What did we think before that?

In his review of the book in the April 22, 1965 edition of the New York Review of books, Eric Hobsbawm apparently tells us that:
It may seem incredible that nobody tried before to discover what sort of people actually stormed the Bastille, but Rudé is the first to have done so.
On the publisher's web page about the book we read more or less the same thing, though at greater length:
Who took part in the widespread disturbances which periodically shook eighteenth-century London? What really motivated the food rioters who helped to spark off the French Revolution? How did the movement of agricultural labourers destroying new machinery spread from one village to another in the English countryside? How did the sans-culottes organise in revolutionary Paris?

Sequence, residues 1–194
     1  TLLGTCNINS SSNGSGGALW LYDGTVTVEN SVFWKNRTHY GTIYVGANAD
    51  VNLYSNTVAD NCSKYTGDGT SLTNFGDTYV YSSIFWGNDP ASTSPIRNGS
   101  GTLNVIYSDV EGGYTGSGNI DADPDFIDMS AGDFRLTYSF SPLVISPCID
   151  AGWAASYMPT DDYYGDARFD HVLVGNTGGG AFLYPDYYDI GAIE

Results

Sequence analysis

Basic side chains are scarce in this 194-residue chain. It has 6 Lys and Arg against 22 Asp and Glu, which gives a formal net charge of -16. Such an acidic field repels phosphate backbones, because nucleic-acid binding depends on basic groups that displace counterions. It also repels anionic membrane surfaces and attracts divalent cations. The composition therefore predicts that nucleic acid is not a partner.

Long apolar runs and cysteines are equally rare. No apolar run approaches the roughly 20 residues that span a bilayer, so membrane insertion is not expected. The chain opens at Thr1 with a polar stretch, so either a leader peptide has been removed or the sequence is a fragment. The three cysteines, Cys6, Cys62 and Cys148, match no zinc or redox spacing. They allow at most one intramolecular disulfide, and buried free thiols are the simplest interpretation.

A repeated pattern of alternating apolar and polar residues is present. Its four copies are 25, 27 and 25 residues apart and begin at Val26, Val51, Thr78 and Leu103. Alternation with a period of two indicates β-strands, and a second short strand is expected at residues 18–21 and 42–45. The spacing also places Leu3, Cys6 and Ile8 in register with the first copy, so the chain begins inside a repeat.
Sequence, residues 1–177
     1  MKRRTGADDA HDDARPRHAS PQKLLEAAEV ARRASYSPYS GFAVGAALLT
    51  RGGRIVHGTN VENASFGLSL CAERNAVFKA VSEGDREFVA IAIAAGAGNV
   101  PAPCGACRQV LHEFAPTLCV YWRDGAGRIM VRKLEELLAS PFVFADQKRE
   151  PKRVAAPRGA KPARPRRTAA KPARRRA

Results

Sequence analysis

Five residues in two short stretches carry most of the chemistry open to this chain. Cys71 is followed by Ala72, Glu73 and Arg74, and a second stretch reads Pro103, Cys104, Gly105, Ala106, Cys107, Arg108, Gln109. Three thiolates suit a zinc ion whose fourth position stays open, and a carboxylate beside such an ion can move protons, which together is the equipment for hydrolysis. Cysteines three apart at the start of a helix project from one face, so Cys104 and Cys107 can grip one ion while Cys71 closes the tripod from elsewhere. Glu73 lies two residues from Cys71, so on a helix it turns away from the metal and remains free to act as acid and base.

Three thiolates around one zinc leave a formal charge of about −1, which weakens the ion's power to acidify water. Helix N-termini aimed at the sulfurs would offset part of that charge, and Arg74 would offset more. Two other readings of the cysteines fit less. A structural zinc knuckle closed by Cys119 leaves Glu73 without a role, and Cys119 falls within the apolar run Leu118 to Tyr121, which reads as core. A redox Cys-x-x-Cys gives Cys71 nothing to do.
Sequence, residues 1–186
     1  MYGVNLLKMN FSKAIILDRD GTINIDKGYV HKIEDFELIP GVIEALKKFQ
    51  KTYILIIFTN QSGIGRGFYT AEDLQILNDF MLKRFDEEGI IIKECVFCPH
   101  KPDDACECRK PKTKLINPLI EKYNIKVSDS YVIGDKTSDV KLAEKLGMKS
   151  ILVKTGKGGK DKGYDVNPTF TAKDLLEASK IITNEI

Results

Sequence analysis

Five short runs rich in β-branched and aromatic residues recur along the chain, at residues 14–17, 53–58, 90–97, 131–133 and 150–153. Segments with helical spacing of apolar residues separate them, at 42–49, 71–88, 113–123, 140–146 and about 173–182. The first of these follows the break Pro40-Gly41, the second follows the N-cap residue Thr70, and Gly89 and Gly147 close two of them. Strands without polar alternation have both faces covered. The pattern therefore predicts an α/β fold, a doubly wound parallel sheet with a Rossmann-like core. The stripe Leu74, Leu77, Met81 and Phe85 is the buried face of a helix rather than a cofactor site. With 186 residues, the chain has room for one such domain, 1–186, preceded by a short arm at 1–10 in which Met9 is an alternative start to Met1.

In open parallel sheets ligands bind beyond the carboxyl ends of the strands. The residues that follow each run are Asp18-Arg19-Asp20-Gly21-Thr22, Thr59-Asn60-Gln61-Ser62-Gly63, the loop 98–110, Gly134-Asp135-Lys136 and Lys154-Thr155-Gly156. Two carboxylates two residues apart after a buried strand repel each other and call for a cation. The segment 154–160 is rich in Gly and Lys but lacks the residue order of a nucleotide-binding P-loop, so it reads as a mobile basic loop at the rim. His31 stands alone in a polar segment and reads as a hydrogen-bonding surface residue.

George Rude was the first historian to ask such questions and in doing so he identified ‘the faces in the crowd’ in some of the crucial episodes in modern European history.
A profile on Rude puts the author, and his work, in an interesting historical perspective.

Frankly, from a distance of 40 years, it really does seem rather incredible that he was the first. Though for many years I haven't read many history books, I can't seem to recall when any of those that I last read were "political histories" rather than "social histories".

Go to: Are crowds really that smart?